It’s not uncommon for a literary biographer to follow his or her biography with an edition of the subject’s letters. Richard Greene of the University of Toronto has done the reverse. His Selected Letters of Edith Sitwell was published in 1997. Now he’s written the first biography of Sitwell in a generation. It is exhaustive and at times fascinating.
Sitwell (1887–1964) was a British poet whose work has few forebears and few mimickers. For Greene, whose collection Boxing the Compass (Véhicule Press) won the 2010 Governor General’s Literary Award for poetry, this is her main appeal. But she was also an accomplished woman of letters, a wonderful prose stylist (when she needed money), and a celebrity.
Literature was the family business: Edith was the elder sister of Osbert Sitwell, poet and unceasing autobiographer, and Sacheverell Sitwell, poet and art historian. In 1932, the critic F.R. Leavis wrote, “the Sitwells belong to the history of publicity rather than poetry.” Most readers who admire Edith Sitwell today do so for her non-fiction – for example, her study of Alexander Pope (whom, Greene says, she viewed “as a persecuted genius, not unlike herself”) or the classic volume English Eccentrics (a subject she knew from the inside out, having a wacky baronet for a father and a mother who was imprisoned for fraud).
Greene’s strenuously sympathetic book posits that Sitwell’s “particular kind of modernism – her refusal to be trapped by ancestral memory and her desire to overturn conventional ideas of the self – was rooted in the desolation of her family life.” Her passage through life was marked by “a strange combination of kindness and cruelty, courage and duplicity.... She could be funny and generous, as well as sometimes pompous and mean-spirited. She nurtured any number of rising talents, and slapped down others.” Among those she championed were Aldous Huxley, Virginia Woolf, T.S. Eliot, and, in the generation that followed, Dylan Thomas and Graham Greene.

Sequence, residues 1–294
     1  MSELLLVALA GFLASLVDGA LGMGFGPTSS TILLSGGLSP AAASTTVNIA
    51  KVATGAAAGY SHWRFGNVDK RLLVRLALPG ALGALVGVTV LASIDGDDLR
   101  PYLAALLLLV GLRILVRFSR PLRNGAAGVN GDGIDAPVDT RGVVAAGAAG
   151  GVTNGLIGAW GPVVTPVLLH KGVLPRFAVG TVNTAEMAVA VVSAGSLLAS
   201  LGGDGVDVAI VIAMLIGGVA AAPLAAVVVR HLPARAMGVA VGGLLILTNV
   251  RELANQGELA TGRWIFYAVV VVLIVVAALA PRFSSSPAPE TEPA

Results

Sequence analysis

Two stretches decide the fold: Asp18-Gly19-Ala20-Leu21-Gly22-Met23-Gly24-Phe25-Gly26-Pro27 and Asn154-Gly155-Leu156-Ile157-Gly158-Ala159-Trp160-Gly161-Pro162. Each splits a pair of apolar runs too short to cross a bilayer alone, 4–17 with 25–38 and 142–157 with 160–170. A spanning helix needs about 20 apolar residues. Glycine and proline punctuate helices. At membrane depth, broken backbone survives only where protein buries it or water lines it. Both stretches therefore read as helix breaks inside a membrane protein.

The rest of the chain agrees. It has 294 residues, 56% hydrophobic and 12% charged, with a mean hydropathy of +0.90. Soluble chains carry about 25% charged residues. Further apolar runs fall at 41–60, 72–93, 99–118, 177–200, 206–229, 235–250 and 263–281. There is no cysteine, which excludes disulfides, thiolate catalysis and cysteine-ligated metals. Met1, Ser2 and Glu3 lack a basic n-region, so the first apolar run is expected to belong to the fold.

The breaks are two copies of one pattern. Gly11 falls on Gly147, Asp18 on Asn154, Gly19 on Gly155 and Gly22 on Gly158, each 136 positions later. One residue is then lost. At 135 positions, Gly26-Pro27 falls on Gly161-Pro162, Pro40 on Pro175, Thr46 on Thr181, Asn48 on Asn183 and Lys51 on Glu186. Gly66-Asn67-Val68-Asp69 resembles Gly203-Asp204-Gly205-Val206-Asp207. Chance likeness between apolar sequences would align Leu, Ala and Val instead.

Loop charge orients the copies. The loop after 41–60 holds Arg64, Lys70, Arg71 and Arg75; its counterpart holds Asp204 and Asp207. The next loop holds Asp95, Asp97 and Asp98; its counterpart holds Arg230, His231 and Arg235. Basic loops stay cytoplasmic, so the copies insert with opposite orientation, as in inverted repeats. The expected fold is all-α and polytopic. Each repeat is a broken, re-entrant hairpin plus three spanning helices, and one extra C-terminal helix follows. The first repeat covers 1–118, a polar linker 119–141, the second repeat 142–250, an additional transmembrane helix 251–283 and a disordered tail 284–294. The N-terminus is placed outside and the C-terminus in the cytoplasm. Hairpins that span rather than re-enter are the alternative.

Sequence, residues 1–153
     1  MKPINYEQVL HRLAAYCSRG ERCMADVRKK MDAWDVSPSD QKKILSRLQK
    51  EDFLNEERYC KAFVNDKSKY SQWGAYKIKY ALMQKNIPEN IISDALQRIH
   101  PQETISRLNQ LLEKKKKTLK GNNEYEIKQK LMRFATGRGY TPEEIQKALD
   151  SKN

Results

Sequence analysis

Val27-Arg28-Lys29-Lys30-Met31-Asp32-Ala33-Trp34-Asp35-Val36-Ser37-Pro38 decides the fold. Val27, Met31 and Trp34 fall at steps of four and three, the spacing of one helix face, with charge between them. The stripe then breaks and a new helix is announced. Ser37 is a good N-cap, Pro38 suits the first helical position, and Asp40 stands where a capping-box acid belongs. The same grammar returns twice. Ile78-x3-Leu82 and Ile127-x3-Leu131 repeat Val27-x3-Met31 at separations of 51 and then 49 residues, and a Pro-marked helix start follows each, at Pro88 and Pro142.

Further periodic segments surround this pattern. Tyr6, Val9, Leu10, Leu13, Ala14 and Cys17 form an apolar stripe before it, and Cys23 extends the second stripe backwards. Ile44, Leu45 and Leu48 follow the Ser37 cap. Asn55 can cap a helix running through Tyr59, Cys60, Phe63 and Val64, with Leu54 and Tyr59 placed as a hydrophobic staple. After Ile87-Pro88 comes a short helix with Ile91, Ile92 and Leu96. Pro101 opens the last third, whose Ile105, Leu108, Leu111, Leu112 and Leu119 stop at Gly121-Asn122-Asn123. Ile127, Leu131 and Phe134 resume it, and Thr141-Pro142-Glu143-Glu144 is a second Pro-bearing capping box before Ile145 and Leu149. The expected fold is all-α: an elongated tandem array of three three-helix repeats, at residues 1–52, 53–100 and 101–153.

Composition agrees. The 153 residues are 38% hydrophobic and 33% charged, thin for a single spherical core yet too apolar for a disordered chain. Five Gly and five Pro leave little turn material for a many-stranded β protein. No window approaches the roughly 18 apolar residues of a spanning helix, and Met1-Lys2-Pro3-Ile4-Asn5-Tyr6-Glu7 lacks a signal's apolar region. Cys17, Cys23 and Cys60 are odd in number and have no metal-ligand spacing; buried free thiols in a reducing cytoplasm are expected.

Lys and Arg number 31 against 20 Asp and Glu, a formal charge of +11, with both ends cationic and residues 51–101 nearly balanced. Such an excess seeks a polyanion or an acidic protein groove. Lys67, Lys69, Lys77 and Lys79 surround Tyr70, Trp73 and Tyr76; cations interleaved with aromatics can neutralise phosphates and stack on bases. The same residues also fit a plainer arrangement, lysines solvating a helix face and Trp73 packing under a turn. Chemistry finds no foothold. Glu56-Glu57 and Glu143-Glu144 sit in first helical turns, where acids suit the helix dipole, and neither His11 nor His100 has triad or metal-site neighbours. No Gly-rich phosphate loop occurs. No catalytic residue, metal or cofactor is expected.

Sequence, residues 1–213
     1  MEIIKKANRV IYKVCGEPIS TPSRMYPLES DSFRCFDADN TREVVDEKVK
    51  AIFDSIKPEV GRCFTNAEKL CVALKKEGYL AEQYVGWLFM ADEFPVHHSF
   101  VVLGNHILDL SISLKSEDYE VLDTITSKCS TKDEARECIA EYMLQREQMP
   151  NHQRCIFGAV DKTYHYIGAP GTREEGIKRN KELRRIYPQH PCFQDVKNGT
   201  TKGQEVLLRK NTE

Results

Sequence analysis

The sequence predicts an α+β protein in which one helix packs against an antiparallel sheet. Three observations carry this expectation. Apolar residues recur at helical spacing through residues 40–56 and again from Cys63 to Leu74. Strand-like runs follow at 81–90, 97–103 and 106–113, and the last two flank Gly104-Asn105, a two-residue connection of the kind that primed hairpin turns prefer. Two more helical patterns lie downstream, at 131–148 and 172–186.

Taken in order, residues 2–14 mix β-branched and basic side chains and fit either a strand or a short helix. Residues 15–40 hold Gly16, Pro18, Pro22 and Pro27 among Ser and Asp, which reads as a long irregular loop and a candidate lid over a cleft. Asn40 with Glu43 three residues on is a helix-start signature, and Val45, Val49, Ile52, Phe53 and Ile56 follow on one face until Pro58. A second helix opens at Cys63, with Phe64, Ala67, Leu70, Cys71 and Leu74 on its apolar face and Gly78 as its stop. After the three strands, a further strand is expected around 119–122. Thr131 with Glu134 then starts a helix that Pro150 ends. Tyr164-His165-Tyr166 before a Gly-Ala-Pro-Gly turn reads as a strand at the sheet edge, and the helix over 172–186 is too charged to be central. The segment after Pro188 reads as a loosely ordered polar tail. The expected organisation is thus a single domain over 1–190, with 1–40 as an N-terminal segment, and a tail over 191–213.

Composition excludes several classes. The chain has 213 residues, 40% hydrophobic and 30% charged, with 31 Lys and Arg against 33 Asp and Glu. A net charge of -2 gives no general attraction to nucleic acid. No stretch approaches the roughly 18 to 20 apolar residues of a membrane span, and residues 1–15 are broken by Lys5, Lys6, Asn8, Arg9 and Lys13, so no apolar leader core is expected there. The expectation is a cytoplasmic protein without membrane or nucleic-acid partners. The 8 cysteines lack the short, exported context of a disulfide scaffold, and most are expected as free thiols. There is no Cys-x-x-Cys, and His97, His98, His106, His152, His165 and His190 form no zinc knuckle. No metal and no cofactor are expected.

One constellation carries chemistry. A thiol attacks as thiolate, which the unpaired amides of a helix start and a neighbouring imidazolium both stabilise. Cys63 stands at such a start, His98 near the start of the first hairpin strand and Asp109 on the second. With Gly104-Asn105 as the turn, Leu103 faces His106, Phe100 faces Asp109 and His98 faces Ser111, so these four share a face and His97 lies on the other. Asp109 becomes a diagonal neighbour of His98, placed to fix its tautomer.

Sitwell was born into privilege, but didn’t take it seriously. For her, in her biographer’s phrase, “entering society was a bit like learning German: she memorised a few declensions and then accepted defeat.” She was a most unusual-looking woman (“she made a stand against conventional standards of beauty”) and was thus sought after by many important painters and photographers. That fact, like her quick wit, certainly added to the celebrity that Leavis derided, as did her constant search for income, which drove her to lecture in America and attempt Hollywood screenplays. Sitwell may very well have been the only person who knew both W.B. Yeats and Marilyn Monroe.
Greene’s finely detailed book is clearly a labour of love, with a simply amazing dramatis personae.